President is ready to release political prisoners
On 3 June President Lukashenko held a meeting on the activities of the Belarusian courts of the first instance.
The Head of State initiates measures that will visually liberalize the Belarusian judiciary, making it a clear signal to the international community about potential renewal of the damaged relations. For instance, the aforementioned event implies the readiness of Minsk to release political prisoners in exchange for improving relations with the Western institutions and the IMF in particular.
During the meeting a number of statements were made, for instance, about overcoming the Soviet tradition of “prosecutive” nature of sentences, or about the possibility to review the decisions of the Supreme Court, which are final at the moment. Another liberal proposal concerned the introduction of jury trials.
Following the Presidential elections on 19 December 2010 the work of the law enforcement agencies and of the Belarusian judiciary in particular, was a subject to harsh criticism by the international community (they expressed concerns about the process of investigation and trials, sentences to demonstrators). It still is. Minsk had to start somewhere to renew the relationship and the judicial system appealed to the authorities as the safest area for liberal experiments. At least the judiciary is easier to reform compared with the KGB and MIA, or with the electoral system, where reforms are put on hold until the next election in 2012.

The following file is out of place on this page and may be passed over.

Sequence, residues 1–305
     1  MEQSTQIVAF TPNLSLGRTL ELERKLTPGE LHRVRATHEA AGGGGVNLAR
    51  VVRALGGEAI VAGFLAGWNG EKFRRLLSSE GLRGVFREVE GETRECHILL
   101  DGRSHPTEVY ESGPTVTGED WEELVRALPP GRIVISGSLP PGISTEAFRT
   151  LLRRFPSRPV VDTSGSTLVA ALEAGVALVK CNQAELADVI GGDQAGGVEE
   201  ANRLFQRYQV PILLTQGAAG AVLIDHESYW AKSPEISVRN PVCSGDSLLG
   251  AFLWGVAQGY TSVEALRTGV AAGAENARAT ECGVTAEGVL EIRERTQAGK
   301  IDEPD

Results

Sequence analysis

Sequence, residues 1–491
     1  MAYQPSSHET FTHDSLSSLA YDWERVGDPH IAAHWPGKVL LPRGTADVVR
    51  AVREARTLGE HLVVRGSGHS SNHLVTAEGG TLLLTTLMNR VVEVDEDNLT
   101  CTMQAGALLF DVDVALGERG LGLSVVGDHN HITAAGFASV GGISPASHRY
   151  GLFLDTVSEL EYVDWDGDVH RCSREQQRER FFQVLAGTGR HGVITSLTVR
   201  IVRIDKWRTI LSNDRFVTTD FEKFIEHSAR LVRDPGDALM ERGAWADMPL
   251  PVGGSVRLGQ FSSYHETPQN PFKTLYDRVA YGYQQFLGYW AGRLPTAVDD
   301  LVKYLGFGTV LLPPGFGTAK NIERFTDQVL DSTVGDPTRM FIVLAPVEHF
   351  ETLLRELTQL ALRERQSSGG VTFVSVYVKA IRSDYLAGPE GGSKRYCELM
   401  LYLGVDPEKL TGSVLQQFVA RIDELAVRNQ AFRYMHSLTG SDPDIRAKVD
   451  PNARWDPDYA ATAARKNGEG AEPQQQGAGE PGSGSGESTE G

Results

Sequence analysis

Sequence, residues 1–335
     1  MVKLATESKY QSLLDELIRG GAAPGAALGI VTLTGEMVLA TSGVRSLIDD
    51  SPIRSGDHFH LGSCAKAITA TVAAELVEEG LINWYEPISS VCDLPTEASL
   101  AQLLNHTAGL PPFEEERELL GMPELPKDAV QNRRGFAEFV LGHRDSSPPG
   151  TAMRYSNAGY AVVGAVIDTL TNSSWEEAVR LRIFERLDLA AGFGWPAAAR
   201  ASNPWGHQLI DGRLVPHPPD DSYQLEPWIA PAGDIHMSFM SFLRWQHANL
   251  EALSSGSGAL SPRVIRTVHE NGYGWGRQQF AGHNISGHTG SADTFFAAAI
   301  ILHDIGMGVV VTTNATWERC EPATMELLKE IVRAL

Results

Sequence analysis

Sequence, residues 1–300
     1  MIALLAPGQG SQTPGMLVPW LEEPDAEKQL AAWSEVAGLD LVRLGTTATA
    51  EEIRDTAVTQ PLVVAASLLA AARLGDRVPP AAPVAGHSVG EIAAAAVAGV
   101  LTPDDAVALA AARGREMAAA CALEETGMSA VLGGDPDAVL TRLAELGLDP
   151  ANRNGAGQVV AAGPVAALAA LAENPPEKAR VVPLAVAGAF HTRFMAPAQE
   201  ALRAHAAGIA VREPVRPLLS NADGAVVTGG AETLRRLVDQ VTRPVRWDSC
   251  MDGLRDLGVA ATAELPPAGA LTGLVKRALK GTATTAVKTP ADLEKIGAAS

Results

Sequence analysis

An indirect evidence of the willingness of Alexander Lukashenko to release political prisoners was his verbal approval of the sentences handed to post-election protestors. Therefore the President symbolically assumed the responsibility for sentences, alongside with the right to release prisoners early.
Last week, Belarusian Foreign Minister Makei participated in the foreign ministers’ meeting of the Eastern Partnership and Visegrad Group initiative hosted by Warsaw. The Belarusian FM emphasized Belarus' interest in cooperation in the transport sector, which could be due to Belarus’ desire to export electricity surplus after Belarus finished construction of the nuclear power plant in Ostrovets. Minsk expressed concerns about Warsaw’s stance on the Belarusian NPP, as it refused to buy electricity from Belarus and supported Vilnius’ protest on this issue. Following accusations by the Belarusian leadership and the state media against western states, including Poland, of training "nationalist militants", Minsk did not agree on the visit of the European Parliament deputies from Lithuania and Germany to Belarus and to the NPP construction site near Ostrovets in particular. In addition, the Belarusian authorities have stepped up efforts to enforce education in Russian in Polish-language schools in Grodno and Vaukavysk. Should a rift in Belarusian-Polish relations persist, the Belarusian authorities are likely to step up the pressure on the Polish-speaking minority in Belarus.